Review of The Girl on the Train, by Paula Hawkins

girl_on_the_train_largeThe Girl on the Train

by Paula Hawkins
read by Claire Corbett, Louise Brealey, and India Fisher

Penguin Audio, 2015. 11 hours on 9 compact discs.
Starred Review

Warning to potential listeners: If you have ever been cheated on, this book contains some triggers which will remind you of that time. However, it’s also somewhat therapeutic. It will make you feel that your own reactions were incredibly calm. You were not a crazy woman! (Who knew?)

Rachel Watson rides the train into London every morning and goes home every evening – so her flatmate won’t know that she lost her job months ago for turning up drunk. Every day, the train stops as it passes the house where Rachel used to live – and where her ex-husband Tom lives with his new wife and child – the woman who replaced Rachel and the child she longed to have.

To avoid looking at her home, right next to the tracks, naturally enough Rachel watches the people a few houses down. They are the perfect couple. As in love as Rachel used to be. Rachel gives them names, Jess and Jason, and she imagines their perfect lives.

Then, one day, Rachel sees Jess kissing a man who is not Jason. Jess is ruining Jason’s life, just as Tom ruined hers! That evening, having thought about it all day, in her drunken agitation, she gets off the train at her old stop. She knows something bad happened when she wakes up at home the next morning with a cut on her forehead, but she doesn’t remember at all what it was. And the newspapers say that Jess – actually named Megan – has gone missing.

Gradually, we learn about Rachel’s past, about Megan’s history, and about Anna, the woman who replaced Rachel with Tom. Rachel has not been doing well since Tom left her. And she doesn’t blame Tom – she was already a drunk before he left, depressed because she wasn’t having a baby. Now she calls him at odd hours, even turns up at the house.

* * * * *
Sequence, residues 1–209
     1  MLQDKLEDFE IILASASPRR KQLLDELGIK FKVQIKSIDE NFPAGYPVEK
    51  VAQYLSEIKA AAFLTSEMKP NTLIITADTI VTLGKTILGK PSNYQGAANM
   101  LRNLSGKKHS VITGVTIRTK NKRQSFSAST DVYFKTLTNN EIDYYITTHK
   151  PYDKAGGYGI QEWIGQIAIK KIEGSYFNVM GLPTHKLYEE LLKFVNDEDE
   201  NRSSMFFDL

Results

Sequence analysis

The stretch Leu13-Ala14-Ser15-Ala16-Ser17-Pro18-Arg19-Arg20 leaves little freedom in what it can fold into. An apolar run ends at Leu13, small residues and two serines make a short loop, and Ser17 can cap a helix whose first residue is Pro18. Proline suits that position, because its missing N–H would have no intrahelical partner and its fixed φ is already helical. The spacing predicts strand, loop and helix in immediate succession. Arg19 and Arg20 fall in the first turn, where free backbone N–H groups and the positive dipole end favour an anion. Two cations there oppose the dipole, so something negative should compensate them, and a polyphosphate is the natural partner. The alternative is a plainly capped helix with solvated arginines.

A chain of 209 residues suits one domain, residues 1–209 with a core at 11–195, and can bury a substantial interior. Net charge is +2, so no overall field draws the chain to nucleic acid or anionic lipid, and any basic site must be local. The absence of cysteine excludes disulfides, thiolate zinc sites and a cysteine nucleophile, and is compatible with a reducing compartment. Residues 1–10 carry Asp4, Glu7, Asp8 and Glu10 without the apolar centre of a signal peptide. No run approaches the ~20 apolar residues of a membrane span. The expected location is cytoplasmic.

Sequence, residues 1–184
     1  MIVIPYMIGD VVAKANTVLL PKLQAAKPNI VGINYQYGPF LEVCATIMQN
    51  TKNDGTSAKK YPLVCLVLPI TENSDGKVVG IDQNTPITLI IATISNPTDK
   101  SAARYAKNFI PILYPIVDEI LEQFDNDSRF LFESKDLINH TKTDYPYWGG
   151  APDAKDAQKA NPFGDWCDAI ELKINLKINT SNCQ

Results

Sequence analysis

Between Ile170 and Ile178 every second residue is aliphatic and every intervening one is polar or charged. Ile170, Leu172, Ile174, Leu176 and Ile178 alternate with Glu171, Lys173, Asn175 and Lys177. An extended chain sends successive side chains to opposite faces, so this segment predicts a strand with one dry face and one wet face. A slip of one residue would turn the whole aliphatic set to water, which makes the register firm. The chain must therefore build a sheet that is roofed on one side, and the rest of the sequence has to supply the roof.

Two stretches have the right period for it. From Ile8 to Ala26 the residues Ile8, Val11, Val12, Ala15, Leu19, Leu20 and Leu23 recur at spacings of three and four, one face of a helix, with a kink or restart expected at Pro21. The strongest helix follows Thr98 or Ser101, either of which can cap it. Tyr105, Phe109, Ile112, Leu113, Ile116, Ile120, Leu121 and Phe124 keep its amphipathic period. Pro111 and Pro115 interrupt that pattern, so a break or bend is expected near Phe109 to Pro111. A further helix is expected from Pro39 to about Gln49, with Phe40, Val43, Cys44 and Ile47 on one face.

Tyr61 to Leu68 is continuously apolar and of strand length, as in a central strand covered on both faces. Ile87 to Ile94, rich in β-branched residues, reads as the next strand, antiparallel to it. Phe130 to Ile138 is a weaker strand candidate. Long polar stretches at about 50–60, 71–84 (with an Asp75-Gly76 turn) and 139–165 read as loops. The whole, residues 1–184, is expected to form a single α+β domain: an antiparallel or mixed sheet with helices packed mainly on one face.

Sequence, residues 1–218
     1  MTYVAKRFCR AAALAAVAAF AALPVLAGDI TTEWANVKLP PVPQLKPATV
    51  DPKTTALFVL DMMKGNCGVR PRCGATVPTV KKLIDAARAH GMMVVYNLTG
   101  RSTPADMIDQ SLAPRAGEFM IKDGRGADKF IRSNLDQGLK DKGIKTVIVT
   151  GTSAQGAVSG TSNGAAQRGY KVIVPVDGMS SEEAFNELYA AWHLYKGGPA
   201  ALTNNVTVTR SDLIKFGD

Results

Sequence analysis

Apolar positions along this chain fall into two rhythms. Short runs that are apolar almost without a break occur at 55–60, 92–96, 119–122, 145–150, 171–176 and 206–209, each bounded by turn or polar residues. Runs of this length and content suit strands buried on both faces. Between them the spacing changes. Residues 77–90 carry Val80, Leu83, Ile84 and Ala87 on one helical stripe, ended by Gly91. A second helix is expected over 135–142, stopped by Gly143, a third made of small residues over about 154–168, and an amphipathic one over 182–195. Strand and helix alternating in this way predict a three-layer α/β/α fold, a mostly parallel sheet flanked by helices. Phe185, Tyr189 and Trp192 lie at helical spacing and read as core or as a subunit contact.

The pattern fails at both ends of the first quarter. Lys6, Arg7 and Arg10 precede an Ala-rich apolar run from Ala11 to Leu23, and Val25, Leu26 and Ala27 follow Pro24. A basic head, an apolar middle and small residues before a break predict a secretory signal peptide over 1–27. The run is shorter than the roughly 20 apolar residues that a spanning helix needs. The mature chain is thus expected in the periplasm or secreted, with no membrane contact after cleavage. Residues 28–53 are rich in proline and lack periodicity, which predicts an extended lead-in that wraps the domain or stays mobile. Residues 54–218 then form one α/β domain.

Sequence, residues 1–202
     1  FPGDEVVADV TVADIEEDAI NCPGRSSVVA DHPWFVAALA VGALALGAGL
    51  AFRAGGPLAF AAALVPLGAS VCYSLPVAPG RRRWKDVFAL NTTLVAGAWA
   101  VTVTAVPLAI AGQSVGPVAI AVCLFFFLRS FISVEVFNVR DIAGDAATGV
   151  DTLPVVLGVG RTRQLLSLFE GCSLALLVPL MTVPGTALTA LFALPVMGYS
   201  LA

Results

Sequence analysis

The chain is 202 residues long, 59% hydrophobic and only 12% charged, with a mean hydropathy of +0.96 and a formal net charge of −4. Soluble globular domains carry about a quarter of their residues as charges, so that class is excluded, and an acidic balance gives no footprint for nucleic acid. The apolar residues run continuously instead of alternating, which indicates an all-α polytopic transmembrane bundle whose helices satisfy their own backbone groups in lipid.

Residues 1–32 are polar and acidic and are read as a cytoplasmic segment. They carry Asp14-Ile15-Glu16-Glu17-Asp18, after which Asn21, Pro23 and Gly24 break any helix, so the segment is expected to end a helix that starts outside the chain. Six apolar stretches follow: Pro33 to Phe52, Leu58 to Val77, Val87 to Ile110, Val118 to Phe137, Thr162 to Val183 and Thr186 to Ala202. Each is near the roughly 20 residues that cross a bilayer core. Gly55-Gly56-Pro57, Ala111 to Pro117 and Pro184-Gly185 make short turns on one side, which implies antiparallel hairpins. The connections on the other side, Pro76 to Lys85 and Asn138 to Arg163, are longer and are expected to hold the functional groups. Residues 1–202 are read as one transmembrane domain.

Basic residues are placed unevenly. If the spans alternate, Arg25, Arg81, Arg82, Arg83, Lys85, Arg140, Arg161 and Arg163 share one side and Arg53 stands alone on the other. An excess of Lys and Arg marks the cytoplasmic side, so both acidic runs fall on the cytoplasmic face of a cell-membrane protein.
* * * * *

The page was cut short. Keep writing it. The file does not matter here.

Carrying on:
But after Megan’s disappearance, Rachel is sure Megan’s husband will be suspected. The police need to know about the man Megan kissed. The husband needs to know. Maybe Rachel has to lie a little bit to get them to listen to her, but it’s all trying to help….

I have to admit, the people in this book are not very nice. The situations are sordid. There’s a whole lot of cheating going on. But ultimately, I found I couldn’t stop listening (and this was another audiobook which had me bringing the final CD into the house to finish listening). The audio production is very well done. The three different narrators for the three women – Rachel, Anna, and Megan – make it clear who is speaking at any given time.

I think the character of Rachel is what had me hooked. I remembered the world-shattering pain of learning my husband was cheating. It would have been so very easy to turn to alcohol. To call him and beg him to take me back. If he had married the mistress and moved into our home with his new wife and baby? Well, her pain was all too easy to imagine.

And the mystery is a tangled and interesting one. There are compelling twists along the way. Let me just say that some of the cheaters get a satisfying comeuppance. But best of all is that by the end of the book we feel that Rachel, who has believed many lies about herself, is on her way to healing.

And that’s a beautiful thing.

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Source: This review is based on a library audiobook from Fairfax County Public Library.

Disclaimer: I am a professional librarian, but I maintain my website and blogs on my own time. The views expressed are solely my own, and in no way represent the official views of my employer or of any committee or group of which I am part.

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